| Lesson 6
|Construct Union Queries in SQL
Construct Union Queries in SQL
query performs the action that the name suggests. It combines the results, or union, of multiple queries into a single resultset. Union queries
are usually needed when the result of a query cannot be obtained by using a single query or a subquery, but the results need to be contained within a single resultset. Union queries are extremely simple to implement, as they use only the keyword
between two (or more) select statements.
Union query rules
As with most things, there are a couple of rules that apply to using a union query:
SELECT statement involved in the union must return the same number of columns or expressions
- Every column that is returned as a single resultset must either have the same datatype or a datatype that SQL Server 7 can convert. For example, an integer and money datatype can be converted, but an integer and an image cannot. They are two totally different types of data.
- Column names from the first
SELECT statement are the ones used in the resultset.
Example of a union query
In the example below, a union query is used to collect salary information for contractors and employees, and identify who is being paid over $100,000 per year.
SELECT EmployeeID AS ID
WHERE Salary > 100000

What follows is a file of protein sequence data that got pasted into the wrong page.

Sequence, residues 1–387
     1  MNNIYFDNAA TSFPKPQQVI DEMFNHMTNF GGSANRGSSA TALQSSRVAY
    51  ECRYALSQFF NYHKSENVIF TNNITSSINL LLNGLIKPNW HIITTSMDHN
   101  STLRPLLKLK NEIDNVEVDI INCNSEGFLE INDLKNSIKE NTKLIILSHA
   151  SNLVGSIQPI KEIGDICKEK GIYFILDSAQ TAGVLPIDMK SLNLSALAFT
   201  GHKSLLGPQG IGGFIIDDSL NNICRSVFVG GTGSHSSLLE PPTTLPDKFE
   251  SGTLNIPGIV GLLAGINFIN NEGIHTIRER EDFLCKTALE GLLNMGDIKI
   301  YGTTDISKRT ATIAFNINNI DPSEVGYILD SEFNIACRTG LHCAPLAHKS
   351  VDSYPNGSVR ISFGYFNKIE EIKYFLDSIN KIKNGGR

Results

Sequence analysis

WHERE HourlyRate*2000 > 100000
Note that the second
SELECT statement includes an arithmetic expression because contractors are usually paid hourly, while employees are paid yearly.
By multiplying HourlyRate by 2000, which is the approximate number of work hours in a year, the two types of wages can be compared.
How to Use an alias
Also note that the first
SELECT statement includes an alias for the EmployeeID column.
This is because the resultset will contain both Employees and Contractors. We know from the rules above that the first select statement in a union query determines the column name in the resultset. We do not want SQL Server to name this column EmployeeID, because it will contain both employees and contractors. The alias renames the column “ID”, accommodating both data types
The results of this sample
UNION query is a list of IDs that are receiving more than $100000 per year.
In the next lesson, you will learn about additional keywords that you can use in your queries.
A query that combines the results of multiple queries into a single result set.